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Different understandings of the phenomena health and disease may have consequences for the clinical nurse. Evidence-based medicine (EBM) has a strong foothold in nursing. Practical knowledge, proficiency, and judgment acquired by the individual clinicians through clinical experience are no longer reliable sources of knowledge. There is an element of risk attached to not following the best available, external clinical evidence from systematic research. Also, there may be some risk involved if the clinical judgment does not see risk as an opportunity to interact. David Sackett, one of the pioneers of evidence-based medicine (EBM), reminds clinicians of the importance of integrating individual expertise and best external evidence. If clinical practice is guided by research activity alone, and if practical intuition and clinical judgment are ignored, the practice will become too generalized, and not enough attention will be paid to what is unique for each individual case.
This article explores, how patients experience the meaning of fellow patients in Joint Care tracks, based on four qualitative interviews. Applying van Manens phenomenological- hermeneutical approach one dominating theme appears: Joining a fellowship and living up to this. And three subthemes: To be known in an unknown world, to be understood by peers and to balance between selfishness and charity. The patients felt a unique contact to fellow patients and felt safe with the known fellow patients. According to this the understanding among patients made the natural modesty insignificant, which points out, in respect to nursing, that privacy in the shared space needs a review. As well as the fellowship was a positive experience, the patients experienced that they were seen as a team and not as individuals which could make them feel overlooked. Therefore the study recommends an increased reflection on the view of patients in Joint Care tracks.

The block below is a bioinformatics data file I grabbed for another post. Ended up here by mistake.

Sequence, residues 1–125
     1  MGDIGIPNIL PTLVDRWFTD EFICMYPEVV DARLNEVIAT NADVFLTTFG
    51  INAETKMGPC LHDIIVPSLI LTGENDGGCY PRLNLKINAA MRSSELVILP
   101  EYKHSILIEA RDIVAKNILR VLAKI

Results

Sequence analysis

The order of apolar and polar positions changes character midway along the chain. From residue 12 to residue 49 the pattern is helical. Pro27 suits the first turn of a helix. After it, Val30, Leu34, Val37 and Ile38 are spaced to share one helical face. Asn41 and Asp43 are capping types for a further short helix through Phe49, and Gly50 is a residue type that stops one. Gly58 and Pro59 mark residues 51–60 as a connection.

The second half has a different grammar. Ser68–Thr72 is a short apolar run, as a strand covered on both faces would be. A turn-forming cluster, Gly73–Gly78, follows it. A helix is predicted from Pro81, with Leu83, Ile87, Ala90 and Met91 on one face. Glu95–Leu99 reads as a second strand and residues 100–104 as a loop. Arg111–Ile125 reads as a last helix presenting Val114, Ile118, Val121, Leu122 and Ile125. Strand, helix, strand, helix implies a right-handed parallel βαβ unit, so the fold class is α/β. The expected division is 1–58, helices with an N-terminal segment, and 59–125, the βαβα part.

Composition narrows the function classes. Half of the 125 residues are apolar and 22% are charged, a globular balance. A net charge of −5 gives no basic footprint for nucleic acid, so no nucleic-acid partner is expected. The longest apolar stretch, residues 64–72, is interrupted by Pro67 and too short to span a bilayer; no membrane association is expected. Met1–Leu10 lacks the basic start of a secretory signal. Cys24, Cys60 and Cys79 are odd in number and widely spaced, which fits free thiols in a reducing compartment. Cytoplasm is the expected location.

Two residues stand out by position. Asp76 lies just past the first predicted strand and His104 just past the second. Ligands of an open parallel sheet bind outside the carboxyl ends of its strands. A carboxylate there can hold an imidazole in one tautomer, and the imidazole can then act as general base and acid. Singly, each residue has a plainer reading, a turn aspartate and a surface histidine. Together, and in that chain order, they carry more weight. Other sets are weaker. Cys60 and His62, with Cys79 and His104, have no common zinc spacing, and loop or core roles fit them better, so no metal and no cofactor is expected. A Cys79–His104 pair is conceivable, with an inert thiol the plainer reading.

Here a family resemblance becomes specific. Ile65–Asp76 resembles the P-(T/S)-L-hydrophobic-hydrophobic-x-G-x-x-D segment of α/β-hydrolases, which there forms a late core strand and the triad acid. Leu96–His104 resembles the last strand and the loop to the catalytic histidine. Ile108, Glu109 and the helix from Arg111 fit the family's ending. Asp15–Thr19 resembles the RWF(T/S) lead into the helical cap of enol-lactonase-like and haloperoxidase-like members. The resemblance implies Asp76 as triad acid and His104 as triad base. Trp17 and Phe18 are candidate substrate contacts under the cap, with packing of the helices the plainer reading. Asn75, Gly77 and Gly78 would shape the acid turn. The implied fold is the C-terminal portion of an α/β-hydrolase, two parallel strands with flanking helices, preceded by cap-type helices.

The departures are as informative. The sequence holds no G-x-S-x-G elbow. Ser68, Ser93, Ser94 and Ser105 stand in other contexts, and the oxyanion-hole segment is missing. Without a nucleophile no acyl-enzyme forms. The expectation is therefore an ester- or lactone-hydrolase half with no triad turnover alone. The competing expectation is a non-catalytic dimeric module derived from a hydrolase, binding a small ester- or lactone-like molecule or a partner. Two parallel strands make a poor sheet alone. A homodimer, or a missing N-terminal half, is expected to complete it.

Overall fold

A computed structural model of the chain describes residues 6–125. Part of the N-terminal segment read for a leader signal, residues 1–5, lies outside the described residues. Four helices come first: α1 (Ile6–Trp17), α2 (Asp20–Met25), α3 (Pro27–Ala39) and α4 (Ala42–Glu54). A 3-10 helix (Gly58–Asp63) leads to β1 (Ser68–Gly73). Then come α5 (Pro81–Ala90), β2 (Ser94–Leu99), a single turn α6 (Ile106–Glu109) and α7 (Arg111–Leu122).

This article discusses how nurses offering CAM (Complementary and Alternative Medicine) understand their own holistic approach. Empirical data were collected from field work among registered nurses who choose to offer CAM. Due to cultural science, CAM is a part of the New Age movement. Holism is considered to be a core concept in both nursing and the New Age movement and is used to describe CAMpractice in contrast to conventional bio-medicine. Results are categorized in three main issues: 1. Holism emphasize relations and connections. 2. Holism describes a unity between man and nature, and 3. Holism emphasizes spiritual aspects in health care. This discussion is focusing on the diffuse connection between CAM, nursing, and the New Age movement and shows how holism is both applauded and rejected in nursing, especially when it comes to the spiritual aspects. The conclusion is that holism is understood in different ways, and that there is a blurred connection between CAM, nursing, and the New Age movement. The connection between health and spirituality needs further investigation.